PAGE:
Florida Collegiate Summer League Top 10 Prospects
The Leesburg Lightning cruised through the FCSL playoffs, allowing just two runs in three games en route to their second league championship. The Lightning toppled the defending champion Clermont Mavericks 5-1 in the title game at Tropicana Field, home of the Tampa Bay Rays.
1. Jabari Blash, of, DeLand (So., Miami-Dade CC)
Blash has tremendous raw talent, and he was drafted by the Rangers in the ninth round this June but did not sign. Blash has a great body at 6-foot-6, 220 pounds and has the potential to be a five-tool player. He has a strong enough arm to play right field and also has enough speed to play center. Blash hit .279/.400/.365 in 104 at-bats this summer but hit just one homer after blasting 10 in 102 at-bats this spring. He has plus raw power to go along with his plus speed and plus arm, but he has holes in his swing and is still learning the nuances of the game.
2. Jimmy Nelson, rhp, DeLand (Jr., Alabama)
After ranking as the No. 3 prospect in the Texas Collegiate League last summer, Nelson was up and down in a relief role this spring, going 2-3, 4.54 with 39 strikeouts and 20 walks in 38 innings. For the second straight year, he was better in the summer, going 4-4, 2.76 with a FCSL-best 75 strikeouts and 23 walks in 59 innings, nearly all of them as a starter. Nelson has a durable 6-foot-6, 235-pound build and an 88-92 mph fastball that touches 93. His 80-82 mph slider has good tilt and can be a plus pitch at times; it is a big reason he racks up so many strikeouts. Nelson uses both sides of the plate and should be able to get even more out of his arm as he grows into his large frame. He is durable enough to start but must develop a third pitch.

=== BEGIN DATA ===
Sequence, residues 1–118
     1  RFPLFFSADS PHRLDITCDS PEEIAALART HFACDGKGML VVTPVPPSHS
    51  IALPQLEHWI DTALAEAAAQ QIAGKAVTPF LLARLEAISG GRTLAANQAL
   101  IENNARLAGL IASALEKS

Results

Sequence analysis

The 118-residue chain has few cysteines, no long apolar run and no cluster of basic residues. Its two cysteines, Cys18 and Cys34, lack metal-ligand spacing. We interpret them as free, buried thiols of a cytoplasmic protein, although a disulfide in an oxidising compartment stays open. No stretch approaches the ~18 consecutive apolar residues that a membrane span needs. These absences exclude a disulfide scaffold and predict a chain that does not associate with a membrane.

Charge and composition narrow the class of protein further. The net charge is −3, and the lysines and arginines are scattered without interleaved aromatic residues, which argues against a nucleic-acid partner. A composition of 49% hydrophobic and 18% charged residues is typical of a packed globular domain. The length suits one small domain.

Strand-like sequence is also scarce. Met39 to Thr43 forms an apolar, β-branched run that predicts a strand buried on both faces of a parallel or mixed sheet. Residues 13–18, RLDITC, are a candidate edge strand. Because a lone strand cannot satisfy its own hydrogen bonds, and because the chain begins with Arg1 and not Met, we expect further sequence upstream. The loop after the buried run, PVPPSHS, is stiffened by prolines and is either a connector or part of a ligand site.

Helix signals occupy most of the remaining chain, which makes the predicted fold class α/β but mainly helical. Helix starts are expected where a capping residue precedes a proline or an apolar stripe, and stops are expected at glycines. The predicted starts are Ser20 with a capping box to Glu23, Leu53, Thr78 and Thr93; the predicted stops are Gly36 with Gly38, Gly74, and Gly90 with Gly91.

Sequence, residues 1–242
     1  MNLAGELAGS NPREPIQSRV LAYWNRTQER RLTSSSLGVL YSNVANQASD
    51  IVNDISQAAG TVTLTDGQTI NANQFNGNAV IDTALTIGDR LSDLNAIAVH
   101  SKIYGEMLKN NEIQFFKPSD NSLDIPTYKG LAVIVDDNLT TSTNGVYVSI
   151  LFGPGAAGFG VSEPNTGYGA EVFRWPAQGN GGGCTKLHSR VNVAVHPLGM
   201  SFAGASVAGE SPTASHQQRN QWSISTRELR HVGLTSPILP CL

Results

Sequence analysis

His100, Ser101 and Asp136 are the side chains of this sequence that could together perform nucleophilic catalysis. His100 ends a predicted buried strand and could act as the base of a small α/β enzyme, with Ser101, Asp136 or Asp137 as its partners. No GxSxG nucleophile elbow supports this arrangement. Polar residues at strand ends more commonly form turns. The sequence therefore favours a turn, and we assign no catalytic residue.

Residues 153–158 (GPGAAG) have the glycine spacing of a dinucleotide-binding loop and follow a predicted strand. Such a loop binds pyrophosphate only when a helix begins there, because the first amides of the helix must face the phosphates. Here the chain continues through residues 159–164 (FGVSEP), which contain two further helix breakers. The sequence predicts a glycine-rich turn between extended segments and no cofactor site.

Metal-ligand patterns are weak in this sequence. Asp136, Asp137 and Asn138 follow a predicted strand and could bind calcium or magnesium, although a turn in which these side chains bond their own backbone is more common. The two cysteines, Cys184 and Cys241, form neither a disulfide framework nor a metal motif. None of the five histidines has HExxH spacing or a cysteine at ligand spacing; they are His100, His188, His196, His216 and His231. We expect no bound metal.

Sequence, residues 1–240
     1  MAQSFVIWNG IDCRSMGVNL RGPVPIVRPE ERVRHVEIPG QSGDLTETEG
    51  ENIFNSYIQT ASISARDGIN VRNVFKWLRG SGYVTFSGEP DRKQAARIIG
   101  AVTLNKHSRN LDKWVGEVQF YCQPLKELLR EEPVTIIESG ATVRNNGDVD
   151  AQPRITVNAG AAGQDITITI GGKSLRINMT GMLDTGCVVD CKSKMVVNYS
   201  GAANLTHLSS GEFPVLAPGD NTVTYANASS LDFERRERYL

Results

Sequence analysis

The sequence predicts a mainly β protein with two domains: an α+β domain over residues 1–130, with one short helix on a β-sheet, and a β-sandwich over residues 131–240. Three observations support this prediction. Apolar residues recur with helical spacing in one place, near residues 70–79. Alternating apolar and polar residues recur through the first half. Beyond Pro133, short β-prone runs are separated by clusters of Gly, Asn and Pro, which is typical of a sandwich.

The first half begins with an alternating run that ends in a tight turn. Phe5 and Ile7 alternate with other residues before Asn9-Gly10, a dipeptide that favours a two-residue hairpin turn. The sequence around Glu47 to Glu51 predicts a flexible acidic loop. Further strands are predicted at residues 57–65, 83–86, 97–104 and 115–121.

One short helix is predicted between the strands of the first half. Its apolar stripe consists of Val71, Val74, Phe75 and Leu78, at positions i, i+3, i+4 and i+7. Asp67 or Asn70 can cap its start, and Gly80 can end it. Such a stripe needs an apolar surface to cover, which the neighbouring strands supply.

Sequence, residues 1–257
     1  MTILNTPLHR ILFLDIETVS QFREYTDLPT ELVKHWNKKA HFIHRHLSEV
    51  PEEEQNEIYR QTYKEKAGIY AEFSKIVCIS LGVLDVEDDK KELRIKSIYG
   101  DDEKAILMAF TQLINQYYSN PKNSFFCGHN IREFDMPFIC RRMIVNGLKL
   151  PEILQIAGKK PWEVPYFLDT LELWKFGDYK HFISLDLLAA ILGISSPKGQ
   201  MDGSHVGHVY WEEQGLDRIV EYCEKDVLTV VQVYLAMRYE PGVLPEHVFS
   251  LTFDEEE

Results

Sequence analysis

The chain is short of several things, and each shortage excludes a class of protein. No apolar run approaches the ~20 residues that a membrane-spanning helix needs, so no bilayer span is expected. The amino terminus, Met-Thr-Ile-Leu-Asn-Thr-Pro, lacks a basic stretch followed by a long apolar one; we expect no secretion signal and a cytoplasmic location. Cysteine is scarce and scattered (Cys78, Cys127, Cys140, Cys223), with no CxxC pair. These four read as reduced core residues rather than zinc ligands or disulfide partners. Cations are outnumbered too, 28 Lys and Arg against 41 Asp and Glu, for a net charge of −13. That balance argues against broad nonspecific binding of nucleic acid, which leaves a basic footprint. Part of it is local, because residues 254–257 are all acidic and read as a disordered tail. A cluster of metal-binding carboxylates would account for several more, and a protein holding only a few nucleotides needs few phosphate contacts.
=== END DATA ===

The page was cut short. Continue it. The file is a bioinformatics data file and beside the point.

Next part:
3. Taylor Wrenn, ss/2b, DeLand (So., Southern California)
Wrenn was drafted in the 33rd round out of Lakeland (Fla.) High in 2008 and again in the 25th round this June after hitting .386 with seven homers as a freshman at Manatee (Fla.) CC. Wrenn is a good hitter for average who makes solid contact and uses all fields. His 5-foot-11, 170-pound frame has some strength and he shows occasional pop, but he won't be a home run hitter at the next level. Wrenn has good speed and instincts on the basepaths, and he is a solid defender at both middle infield positions. He could take over for Grant Green at shortstop for USC next spring.
4. Mike Dufek, 1b/rhp, Leesburg (Sr., Michigan)
Dufek led the Big Ten Conference with 17 home runs as a junior this spring and also showed a power arm off the mound in a relief role, posting a 2.70 ERA and a 21-5 K-BB ratio in 17 innings. Still, he went undrafted because of his high pricetag and headed to the FCSL, where he hit .283/.324/.457 with four homers (third in the league) and thrived in a closer role, recording six saves, a 0.93 ERA and a 13-5 K-BB ratio in 10 innings. Dufek has legitimate lefthanded power and a physical 6-foot-3, 215-pound build. Off the mound, he can rear back and throw in the 90-92 mph range in short stints. But his best tool is his power bat, and he should be a quality senior sign as a hitter.
5. Derek Luciano, ss/2b, DeLand (Jr., Central Florida)